HEALTH INSURANCE 201
Post Obamacare Health Insurance
Some of the information on this page will pertain to both grandfathered plans and to non-grandfathered plans.
COMPLIANT vs NON-COMPLIANT
As a result of the Affordable Care Act there are now two main types of health insurance available. Many of the new plans are compliant health insurance policies which cover items and procedures required by the ACA.
Older grandfathered plans and certain new plans available are not compliant. New non-compliant plans include short term medical plans and defined benefit plans. Grandfathered plans, short term medical plans, and defined benefit plans will not keep you from being subjected to the tax penalty for not having insurance, nor are they eligible for subsidies.
ESSENTIAL HEALTH BENEFITS
As a result of the Affordable Care Act, all compliant health insurance policies must cover the 10 essential health benefits. This coverage is for everyone of every age and of every gender.
What are the 10 essential health benefits?
1. Outpatient Care, the kind you get without being admitted to a hospital.
2. Trips to the emergency room.
3. Treatment in the hospital for inpatient care.
4. Care before and after your baby is born.
5. Mental health and substance use disorder services, including behavioral health treatment, counseling, and psychotherapy.
6. Your prescription drugs.
7. Services and devices to help you recover if you are injured, or have a disability or chronic condition. This includes physical and occupational therapy, speech-language pathology, psychiatric rehabilitation, and more.
8. Your lab tests.
9. Preventive services including counseling, screenings, and vaccines to keep you healthy and care for managing a chronic disease.
10. Pediatric services, including dental care and vision care for kids.
Specific health care benefits will vary by state and can vary by zip code. There may be differences between plans available in your zip code and those plans available in other zip codes within your same state.
Also, the amount you pay for specific services and the actual procedures can vary between the plans available in your area.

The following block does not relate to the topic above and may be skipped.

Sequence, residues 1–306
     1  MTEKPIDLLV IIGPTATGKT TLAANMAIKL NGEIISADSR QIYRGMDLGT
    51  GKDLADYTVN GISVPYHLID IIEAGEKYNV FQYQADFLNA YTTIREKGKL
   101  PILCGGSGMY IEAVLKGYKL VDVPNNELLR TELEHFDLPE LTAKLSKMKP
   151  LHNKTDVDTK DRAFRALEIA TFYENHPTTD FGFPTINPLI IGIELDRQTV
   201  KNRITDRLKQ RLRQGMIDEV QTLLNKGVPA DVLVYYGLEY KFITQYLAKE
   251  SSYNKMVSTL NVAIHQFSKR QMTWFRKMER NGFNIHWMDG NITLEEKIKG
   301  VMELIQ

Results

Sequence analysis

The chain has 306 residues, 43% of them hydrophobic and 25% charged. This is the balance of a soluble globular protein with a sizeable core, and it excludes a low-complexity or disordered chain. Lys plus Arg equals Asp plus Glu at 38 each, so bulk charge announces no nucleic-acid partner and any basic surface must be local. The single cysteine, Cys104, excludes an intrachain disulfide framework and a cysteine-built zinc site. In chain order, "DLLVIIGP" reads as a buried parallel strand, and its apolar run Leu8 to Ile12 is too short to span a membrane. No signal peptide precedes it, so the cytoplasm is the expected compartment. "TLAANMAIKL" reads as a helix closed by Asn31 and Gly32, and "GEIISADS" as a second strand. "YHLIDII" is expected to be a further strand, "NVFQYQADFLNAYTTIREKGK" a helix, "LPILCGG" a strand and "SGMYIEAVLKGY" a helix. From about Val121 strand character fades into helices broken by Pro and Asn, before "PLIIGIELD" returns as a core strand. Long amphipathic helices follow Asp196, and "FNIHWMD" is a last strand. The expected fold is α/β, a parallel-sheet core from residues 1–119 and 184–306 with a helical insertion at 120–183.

I NEED HELP PAYING THE PREMIUM
As a result of the ACA, a subsidy might be available to you if your household income is below 400% of the Federal Poverty Level (FPL). Also, some states have expanded Medicaid to include those who make less than 138% of the FPL.
When Can I Get A Plan?
Since the ACA does not allow insurance companies to decline based on pre-existing conditions the law now only allows you the ability to sign up for a policy at certain times. This keeps people from waiting until they need expensive health care before they sign up.
In most situations (unless you qualify for a special election period) you can only sign up for a new policy during the annual open enrollment period, which runs from November 1st through January 31st. If you qualify for Medicaid you can apply at any time.
What are the special election periods?
1. If you or anyone in your household lost health coverage.
2. If you got married.
3. If you had a baby.
4. If you adopted a child or had a child placed into foster care with you.
5. If you got divorced or legally separated and lost health insurance.
6. If someone in you household died.
7. If you moved to a new residence.
8. If you had a change in income.
9. If you gained citizenship or lawful presence in the U.S.
10. If you were released from incarceration.
With any of the above you have 60 days to apply.
HOW DO I SIGN UP?
If you qualify for a subsidy or if you qualify for Medicaid you'll use the Health Insurance exchange website applicable to your state. If you don't qualify you don't need to use the exchange.
What is the difference in plans on and off of the exchange?
In general, the plans on the exchange are essentially the same as those off of the exchange in most areas. The only real difference is those off of the exchange generally have larger doctor networks and cover more medications than those on the exchange. The premium is essentially the same.
Where can I get help?
You'll want to speak with an agent that works with the major companies in your area, both on and off of the exchange. The agent can help you decide which plan to get and can explain the differences between the plans available. There is no charge using an agent.
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